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Communicating with the Future: How Re-engineering Intentions Will Alter the Master Code of Our Future Paperback – 2011
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Our journey into the future is never ending. It begins at the moment of our birth and continues forever. Until now, we have viewed ourselves as “victims” of the future, having to accept whatever life dishes out for us. However, it doesn’t have to be that way. This book is based on breakthrough tools and techniques that you can use to gain some measure of control over the future. Unlike books of mysticism that require a leap of faith, "Communicating with the Future" is based on a well-established cutting edge business practices. And yes, this is a proven methodology for controlling the future... well, parts of it.
Top customer reviews
Even though it is a relatively short book it's probably five times longer than it needs to be. It does start out on a high note, though, which is why I give it two stars.
The author begins by explaining that we communicate with and create the future by putting down ideas (a vision of how the future can be) today and that, with time, certain ideas will gain support, be built upon and eventually turn into reality. (Looking at the old Star Trek episodes we can see examples of this.) The visionary uses "attractors" to help clarify the vision and let people latch onto it. The vision-attractor duo gets the ball on the future rolling today and help it to build steam and become a future reality. This was interesting. And this takes us through chapter 3, which is where I would stop were I reading it again. (And I'd cut out over half of what's in these first three chapters.)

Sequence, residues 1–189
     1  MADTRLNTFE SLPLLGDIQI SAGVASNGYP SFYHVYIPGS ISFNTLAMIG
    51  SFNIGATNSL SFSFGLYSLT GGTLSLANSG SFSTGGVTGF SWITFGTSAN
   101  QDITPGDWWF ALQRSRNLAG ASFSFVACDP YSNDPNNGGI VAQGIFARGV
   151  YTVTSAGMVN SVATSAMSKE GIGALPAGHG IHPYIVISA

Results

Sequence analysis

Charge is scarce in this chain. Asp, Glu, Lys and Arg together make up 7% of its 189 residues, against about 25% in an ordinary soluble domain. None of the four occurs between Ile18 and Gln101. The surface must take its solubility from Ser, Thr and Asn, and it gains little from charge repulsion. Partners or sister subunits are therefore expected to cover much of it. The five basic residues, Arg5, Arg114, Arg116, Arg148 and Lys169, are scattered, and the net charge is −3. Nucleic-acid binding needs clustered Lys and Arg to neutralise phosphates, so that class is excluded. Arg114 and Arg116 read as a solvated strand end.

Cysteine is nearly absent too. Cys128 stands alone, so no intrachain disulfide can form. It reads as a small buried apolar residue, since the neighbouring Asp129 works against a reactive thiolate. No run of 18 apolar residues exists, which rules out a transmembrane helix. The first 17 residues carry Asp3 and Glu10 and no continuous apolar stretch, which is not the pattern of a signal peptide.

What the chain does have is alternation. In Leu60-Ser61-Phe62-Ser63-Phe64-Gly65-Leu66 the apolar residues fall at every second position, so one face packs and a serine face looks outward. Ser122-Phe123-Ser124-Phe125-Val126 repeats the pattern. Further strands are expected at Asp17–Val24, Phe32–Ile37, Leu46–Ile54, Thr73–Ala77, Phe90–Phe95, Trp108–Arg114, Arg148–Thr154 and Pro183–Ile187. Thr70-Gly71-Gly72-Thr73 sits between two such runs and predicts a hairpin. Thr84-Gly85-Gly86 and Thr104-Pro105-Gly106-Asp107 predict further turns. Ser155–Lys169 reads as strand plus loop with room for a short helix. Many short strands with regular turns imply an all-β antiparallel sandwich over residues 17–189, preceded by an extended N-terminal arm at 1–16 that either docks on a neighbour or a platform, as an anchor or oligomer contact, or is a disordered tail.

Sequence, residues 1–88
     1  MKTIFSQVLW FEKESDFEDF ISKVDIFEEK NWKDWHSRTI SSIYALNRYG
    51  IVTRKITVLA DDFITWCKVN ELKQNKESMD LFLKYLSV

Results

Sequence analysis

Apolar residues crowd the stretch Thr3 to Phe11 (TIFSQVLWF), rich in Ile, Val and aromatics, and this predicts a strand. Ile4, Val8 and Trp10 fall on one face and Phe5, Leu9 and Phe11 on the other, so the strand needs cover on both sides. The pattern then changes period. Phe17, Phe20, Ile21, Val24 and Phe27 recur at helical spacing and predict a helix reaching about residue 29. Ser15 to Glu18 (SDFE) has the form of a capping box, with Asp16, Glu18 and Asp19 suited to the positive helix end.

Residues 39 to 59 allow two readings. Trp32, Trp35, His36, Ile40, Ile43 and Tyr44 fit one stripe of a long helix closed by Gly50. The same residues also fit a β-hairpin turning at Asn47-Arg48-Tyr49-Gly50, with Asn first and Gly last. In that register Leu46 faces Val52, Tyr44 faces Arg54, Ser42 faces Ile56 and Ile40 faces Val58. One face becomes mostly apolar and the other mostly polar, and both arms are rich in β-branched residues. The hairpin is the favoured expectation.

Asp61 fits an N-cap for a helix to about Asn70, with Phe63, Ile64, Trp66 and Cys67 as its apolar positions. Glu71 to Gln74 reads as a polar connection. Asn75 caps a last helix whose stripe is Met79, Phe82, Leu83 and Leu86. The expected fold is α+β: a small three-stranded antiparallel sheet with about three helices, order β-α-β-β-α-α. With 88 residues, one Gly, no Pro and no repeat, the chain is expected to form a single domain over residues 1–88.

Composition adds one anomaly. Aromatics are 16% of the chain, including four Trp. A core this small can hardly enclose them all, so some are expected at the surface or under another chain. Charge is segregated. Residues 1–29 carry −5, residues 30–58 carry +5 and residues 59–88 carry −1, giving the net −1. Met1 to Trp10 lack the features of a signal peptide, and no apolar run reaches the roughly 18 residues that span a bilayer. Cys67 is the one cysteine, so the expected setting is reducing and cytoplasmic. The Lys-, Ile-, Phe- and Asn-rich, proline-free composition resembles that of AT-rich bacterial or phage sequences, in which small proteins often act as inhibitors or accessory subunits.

The book is begging to be structured better. (And it aches from grammar mistakes!)
The author should use the first chapter to lay out the framework (such that it is) that the rest of the book will then fill in. It was confusing because the author did not apply his own framework to his predictions in a systematic way. Instead, he bounces between explaining his framework and telling us his version of the future. This causes him to do a poor job of both explaining how he thinks about the future and what he thinks about it.
Along the way there are side trips that drone on about drones, drop us into a hole of holes and introduce us to the future free-lance worker-explorer, the Terabyter, who is likely loosely affiliated with a work colony.
How about incorporating some economic theory (or any theory) as a guide to seeing the future?
I really did want to like this.
Dr. Frey ventures where few have ever intellectually ventured and makes you think and ponder, sowing inspirational seeds and creating a thirst for more knowledge in all his endeavors.
This is one book worth reading and studying and, I hope, is a base for future expansion of the expressed ideas, philosophy and thoughts.
Buy it, read it, and learn.
Judith Briles,Show Me About Book Publishing: Survive and Thrive in Today's Literary Jungle